Wednesday, October 19, 2016

Making Educational Games Fun (Learning to Be Human)

Note: This post deals with my game, Learning to Be Human. As such, it will contain spoilers.

An educational anti-bullying game has to do everything, and do everything well. It has to be accurate, engaging, and polished. If any of those things slip, the game falls apart quickly. I made sure that didn't happen by avoiding those all-too common pitfalls.

Too often, educational games aren't fun or engaging. While sometimes the subject matter can be difficult to make fun, the delivery and the mechanics are important in addressing that issue. But I've seen too many educational games that don't really consider the mechanics of the game at all, and instead focus entirely on the information. Sometimes, the "game" aspect is a long list of unflavored facts or quizzes (Encarta Mind Maze). I've also seen complicated tasks presented to the player without any explanation or description, such as the insta-kill police safety protocols in Police Quest, or the obscure surgical steps in the game Life & Death 1988. These types of mechanics don't feel like interactive experiences, they feel like work.

So then the question becomes: how do you present players with facts without making them boring? This is actually a bit of a solved problem in video games. There are so many just-for-fun games out there that teach players loads of information. There are books worth of lore from World of Warcraft, on top of all the learned information about combos, rotations, stat optimization, fight mechanics, etc. The difference is that in a game like World of Warcraft, the lore isn't constantly the focus of the game, and often players have the chance to pick and choose which aspects of the game they want to focus on. While educational games don't have as much leeway, it is important that the educational aspects don't always dominate the game. That players have a chance to focus on different aspects of the game.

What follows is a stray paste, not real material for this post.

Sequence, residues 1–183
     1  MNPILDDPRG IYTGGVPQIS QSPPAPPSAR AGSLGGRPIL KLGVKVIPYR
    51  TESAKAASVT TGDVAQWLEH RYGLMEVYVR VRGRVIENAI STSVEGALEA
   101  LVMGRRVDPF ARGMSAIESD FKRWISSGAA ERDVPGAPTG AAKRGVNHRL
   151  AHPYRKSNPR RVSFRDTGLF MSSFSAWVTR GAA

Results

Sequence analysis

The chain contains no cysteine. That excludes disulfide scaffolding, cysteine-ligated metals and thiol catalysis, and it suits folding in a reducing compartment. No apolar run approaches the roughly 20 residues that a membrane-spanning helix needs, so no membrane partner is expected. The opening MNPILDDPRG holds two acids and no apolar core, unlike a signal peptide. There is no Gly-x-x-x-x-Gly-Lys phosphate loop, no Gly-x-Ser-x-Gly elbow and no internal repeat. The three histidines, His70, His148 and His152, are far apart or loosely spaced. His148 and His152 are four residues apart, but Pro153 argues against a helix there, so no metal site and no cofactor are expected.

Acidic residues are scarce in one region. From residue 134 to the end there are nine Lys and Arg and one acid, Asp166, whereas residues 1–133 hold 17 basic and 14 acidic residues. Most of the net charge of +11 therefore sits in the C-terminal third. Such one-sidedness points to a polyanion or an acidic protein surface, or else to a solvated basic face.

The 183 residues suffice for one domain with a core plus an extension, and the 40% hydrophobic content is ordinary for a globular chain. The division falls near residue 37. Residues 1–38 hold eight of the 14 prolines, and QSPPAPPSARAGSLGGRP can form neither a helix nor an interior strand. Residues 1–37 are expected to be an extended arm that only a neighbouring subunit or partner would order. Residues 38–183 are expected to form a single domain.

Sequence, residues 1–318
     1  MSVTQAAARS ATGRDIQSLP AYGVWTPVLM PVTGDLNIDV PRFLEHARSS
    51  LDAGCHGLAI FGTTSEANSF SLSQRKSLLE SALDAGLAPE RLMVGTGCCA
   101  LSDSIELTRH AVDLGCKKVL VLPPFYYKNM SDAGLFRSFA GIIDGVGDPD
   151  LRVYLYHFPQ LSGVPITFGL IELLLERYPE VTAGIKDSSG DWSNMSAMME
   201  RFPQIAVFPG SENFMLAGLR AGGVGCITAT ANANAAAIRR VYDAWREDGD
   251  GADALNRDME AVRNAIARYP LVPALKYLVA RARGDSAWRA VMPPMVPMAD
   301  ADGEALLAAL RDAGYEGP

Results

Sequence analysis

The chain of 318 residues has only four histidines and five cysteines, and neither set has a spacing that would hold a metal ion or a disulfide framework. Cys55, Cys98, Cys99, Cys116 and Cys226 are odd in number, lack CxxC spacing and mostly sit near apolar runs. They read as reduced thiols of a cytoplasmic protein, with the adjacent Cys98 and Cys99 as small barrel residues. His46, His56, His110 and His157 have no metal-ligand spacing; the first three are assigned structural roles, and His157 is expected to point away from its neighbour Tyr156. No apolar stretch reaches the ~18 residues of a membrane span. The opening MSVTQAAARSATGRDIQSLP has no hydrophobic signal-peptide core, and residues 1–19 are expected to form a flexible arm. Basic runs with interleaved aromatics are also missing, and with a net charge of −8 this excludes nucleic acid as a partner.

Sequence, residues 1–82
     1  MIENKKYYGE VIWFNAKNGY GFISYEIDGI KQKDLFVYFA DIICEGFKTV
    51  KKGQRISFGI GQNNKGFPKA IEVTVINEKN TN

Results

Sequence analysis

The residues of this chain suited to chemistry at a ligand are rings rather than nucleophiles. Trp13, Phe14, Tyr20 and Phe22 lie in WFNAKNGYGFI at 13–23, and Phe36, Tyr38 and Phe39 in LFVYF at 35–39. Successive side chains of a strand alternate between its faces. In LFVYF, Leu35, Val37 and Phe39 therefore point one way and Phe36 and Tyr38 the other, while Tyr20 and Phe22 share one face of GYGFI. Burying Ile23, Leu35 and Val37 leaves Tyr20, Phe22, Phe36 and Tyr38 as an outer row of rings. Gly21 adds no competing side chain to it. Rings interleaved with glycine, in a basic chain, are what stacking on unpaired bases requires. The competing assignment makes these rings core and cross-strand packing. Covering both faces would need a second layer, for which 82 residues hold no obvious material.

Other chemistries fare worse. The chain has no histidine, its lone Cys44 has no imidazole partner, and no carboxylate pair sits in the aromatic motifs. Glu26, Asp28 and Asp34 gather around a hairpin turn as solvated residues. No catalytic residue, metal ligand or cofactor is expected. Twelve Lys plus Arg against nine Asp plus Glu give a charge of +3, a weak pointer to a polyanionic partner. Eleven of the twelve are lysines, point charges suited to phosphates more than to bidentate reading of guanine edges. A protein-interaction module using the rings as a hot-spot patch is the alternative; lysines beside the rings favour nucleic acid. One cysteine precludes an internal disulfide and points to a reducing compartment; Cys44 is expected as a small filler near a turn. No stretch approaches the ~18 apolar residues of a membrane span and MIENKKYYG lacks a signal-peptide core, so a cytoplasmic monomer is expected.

I successfully presented facts in a fun way in Learning to Be Human by having sections of the game that weren't focused on bullying, that instead focused on a more normal life. I had sections of the game where the android worried about its place in life, where it could relax and watch a movie or read a book, where the kids were just laughing and having fun. And I included an ending where the player got to choose their own future. Those scenes were important because they created a feeling of engagement and connection, and because they allowed players some down time between the educational aspects of the game. The game shouldn't always be focused on the message, but should include some parts that offer a respite.

There is always, of course, the danger of the opposite problem. There are plenty of educational games that focus too heavily on having fun mechanics, so much so that they don't convey much information. This was a problem in the game Bronkie as well as Ozzy & Drix (GBA). Those two games were just platformers with educational themes. The problem with these games is the lack of attention to education. Their themed visuals do not teach, they can only present players already-familiar with the material with familiar window dressing. Some games are almost worse, teaching facts mixed with fiction (while a book, I think something like Abraham Lincoln, Vampire Hunter has this problem), making it unclear which is which.

It's important that educational material of the game not be sacrificed for the mechanics of the game. The mechanics should serve the material, not dominate the game.

I presented a high volume of quality information Learning to Be Human by including researched strategies for addressing bullying from multiple perspectives: that of victims, bystanders, and bullies. Players were always presented with multiple options for how to solve their problems, because there's never one easy answer to addressing a specific situation. And the progress players made in solving their bullying issues were tangible, but still realistic small steps.

Both of these things: good facts, fun mechanics mean very little if the game itself is buggy, poorly paced, or missing critical features. Polish is just as important here as with any other game. I personally use a multi-draft system that focuses on different areas, starting with characters + locations, then a rough draft, then pacing, then mechanical errors, then rewrites, then additional polish and beta testing. Keeping high standards means that the players won't get distracted by the game's failings as they play.

And the results combine into something that's engaging, fun, and educational. And I'd love to see more of it.

1 comment:

  1. This looks something teachers should try with kids in classrooms. I'll send this to a friend of mine who is a teacher at an elementary school.